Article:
“You had some financial challenges for a couple of years. What has changed from then to now that made you think you’re viable?” he asked.

Mr. Jones said that the school now has a new administrative staff who are taking steps to correct some decisions the previous administrators made.

“They [the previous administrators] had lapsed on their right-sizing of the school and to keep a balanced budget, so there’s [now] a strategic overlay of both right-sizing for the student population which we have [and] keeping a balanced budget. [We] also have new fundraising initiatives. The debt has been resolved, and we have completely resolved our issues with the Town of Barnstable,” he said.

Still in question are safety and security concerns that led to the committee’s decision to table its approval for two weeks.

Committee chairman William S. Rider said he visited the school with vice chairman Kelly L. Welch last week.

“The building obviously meets any code of codes for the circumstances, but a couple of things concerned me with regard to safety,” he said. “We walked right in [the building’s front entrance], which was concerning to me. We weren’t buzzed in, we weren’t checked in. There was no sign-in to know who comes into your school. I think signatures and sign-outs are very important.”

Another concern Mr. Rider raised was that there were students inside and outside the building when the exterior doors were open, without magnetic or keypad locks as the Falmouth Public Schools have.

“I think that needs to be monitored and looked at and evaluated, and through the church directors and your school, you need to do those things,” he said.

A further concern was the risk of negative interactions between Waldorf School students and adults who enter the fellowship building for reasons unrelated to the school.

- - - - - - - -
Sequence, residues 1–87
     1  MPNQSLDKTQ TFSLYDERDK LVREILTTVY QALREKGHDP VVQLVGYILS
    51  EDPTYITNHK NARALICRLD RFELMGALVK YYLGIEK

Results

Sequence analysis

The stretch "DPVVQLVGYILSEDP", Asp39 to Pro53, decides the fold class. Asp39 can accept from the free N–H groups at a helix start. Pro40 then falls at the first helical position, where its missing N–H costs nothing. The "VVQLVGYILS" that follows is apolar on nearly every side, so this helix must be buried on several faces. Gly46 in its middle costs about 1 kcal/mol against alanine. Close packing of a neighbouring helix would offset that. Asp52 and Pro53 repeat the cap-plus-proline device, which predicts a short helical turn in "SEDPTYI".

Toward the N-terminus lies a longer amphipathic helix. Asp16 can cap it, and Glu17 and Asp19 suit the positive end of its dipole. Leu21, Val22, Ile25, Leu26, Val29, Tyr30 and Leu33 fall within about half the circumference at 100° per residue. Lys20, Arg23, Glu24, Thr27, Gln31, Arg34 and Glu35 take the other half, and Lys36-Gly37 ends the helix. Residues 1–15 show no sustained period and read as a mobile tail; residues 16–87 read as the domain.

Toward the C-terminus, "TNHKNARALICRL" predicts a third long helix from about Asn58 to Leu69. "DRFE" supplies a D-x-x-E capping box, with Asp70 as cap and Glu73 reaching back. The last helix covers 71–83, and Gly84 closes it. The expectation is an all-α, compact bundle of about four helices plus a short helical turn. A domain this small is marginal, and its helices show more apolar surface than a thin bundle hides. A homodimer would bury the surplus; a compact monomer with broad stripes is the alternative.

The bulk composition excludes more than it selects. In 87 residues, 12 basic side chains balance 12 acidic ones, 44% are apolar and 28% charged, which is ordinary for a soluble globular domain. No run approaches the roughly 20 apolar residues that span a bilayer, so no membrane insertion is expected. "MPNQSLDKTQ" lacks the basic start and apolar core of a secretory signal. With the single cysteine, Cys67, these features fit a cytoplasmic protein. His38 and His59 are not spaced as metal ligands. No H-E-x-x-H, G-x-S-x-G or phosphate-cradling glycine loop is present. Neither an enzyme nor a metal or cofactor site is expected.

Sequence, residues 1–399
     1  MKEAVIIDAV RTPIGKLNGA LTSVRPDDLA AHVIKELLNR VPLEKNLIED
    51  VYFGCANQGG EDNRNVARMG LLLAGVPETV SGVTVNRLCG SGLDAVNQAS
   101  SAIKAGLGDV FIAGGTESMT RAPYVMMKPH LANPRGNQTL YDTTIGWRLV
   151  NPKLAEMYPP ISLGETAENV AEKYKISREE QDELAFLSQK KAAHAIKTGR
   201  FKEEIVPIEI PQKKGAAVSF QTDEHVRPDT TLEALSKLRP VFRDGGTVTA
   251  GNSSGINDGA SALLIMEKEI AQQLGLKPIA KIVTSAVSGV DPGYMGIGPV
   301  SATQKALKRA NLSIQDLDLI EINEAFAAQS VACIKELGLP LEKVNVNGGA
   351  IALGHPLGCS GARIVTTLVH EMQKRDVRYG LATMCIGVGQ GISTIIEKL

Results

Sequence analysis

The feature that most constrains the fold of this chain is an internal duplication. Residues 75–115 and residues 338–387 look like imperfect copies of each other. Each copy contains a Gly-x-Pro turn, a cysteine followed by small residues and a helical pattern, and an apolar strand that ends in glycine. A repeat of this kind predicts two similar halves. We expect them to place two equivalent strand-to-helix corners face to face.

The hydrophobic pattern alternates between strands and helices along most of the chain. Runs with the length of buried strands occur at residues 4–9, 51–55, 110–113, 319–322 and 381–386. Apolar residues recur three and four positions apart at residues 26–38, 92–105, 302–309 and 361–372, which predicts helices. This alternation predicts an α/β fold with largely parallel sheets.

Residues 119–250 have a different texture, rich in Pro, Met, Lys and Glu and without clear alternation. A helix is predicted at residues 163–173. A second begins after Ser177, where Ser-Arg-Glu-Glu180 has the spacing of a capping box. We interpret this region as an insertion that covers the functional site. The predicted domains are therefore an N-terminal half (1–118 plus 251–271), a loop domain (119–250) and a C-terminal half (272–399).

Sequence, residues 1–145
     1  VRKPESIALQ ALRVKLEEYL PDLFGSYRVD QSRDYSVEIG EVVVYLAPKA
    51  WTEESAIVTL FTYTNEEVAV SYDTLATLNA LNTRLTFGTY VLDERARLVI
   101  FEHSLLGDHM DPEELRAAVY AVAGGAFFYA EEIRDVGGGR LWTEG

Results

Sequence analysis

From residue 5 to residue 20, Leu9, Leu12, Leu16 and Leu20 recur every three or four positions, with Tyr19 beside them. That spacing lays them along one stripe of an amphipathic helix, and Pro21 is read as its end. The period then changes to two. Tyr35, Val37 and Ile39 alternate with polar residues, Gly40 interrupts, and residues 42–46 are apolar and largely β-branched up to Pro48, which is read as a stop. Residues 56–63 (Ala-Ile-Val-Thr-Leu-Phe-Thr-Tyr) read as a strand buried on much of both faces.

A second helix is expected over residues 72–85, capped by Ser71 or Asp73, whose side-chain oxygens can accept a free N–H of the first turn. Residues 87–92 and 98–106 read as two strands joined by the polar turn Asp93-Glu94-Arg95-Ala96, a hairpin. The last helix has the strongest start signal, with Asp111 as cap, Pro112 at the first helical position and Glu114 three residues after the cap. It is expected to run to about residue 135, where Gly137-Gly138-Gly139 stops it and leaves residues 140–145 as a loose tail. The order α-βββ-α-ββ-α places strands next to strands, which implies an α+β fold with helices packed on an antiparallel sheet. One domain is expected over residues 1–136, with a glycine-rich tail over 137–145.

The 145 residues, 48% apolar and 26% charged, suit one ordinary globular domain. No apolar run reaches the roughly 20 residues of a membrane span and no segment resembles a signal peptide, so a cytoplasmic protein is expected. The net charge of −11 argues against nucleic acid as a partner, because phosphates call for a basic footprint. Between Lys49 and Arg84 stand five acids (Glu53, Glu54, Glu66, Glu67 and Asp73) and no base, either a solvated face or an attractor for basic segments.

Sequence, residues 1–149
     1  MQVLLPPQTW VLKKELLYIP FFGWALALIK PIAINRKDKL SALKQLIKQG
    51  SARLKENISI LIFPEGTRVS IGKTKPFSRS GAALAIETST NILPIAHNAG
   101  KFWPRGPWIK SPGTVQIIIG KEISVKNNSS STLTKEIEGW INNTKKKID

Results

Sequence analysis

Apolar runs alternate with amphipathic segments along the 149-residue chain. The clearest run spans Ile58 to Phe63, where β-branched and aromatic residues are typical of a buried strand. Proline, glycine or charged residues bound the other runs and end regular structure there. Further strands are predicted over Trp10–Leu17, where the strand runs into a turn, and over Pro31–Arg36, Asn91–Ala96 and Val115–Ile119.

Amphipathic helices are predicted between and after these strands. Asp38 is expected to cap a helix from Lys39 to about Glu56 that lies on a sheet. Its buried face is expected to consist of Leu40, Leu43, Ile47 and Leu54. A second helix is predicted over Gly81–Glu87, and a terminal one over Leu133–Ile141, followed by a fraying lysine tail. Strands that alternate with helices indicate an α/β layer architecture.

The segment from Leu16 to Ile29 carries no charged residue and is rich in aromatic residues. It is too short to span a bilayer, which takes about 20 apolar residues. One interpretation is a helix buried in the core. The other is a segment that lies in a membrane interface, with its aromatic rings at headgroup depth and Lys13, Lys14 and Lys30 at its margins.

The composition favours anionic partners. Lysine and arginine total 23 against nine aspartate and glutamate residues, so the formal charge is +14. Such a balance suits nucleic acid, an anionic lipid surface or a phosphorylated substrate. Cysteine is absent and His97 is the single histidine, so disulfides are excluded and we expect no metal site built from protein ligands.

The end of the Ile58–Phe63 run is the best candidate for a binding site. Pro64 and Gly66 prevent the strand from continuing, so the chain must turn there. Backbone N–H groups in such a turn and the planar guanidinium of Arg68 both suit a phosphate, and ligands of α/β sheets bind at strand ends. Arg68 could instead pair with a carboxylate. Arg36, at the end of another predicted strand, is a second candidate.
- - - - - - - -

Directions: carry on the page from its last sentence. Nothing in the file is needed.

“[There are] people who come in and out of that establishment as members of the congregation. We have interactions there that could lead to some concerns,” Mr. Rider said. “It refers to the safety of your organization, the safety of your children and of your staff, and in today’s world, whether we like it or not, we have to be overprotective in many instances when it comes to school and children’s security.”

Mr. Jones said the school has taken action items on some of those areas of concern.

“There are double sets of doors that are open during the time students are brought in, but we’ve worked with the church in locking those inner doors, and we have an attendant there to open those doors for anybody coming in,” he said. “We’re in the process of setting up a sign-in log for those who are not already known and CORI-checked.” CORI means “criminal offender record information.”

The school committee asked the Waldorf School to bring a written record of the status of the safety action steps to the next meeting, when the board will consider approval once the superintendent is ready to give her recommendation, and Mr. Jones agreed to do so.